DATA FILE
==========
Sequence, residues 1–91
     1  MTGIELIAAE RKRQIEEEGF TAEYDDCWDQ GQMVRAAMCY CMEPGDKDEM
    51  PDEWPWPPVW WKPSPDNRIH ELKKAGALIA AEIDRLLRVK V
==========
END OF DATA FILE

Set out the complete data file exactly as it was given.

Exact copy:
Sequence, residues 1–91
     1  MTGIELIAAE RKRQIEEEGF TAEYDDCWDQ GQMVRAAMCY CMEPGDKDEM
    51  PDEWPWPPVW WKPSPDNRIH ELKKAGALIA AEIDRLLRVK V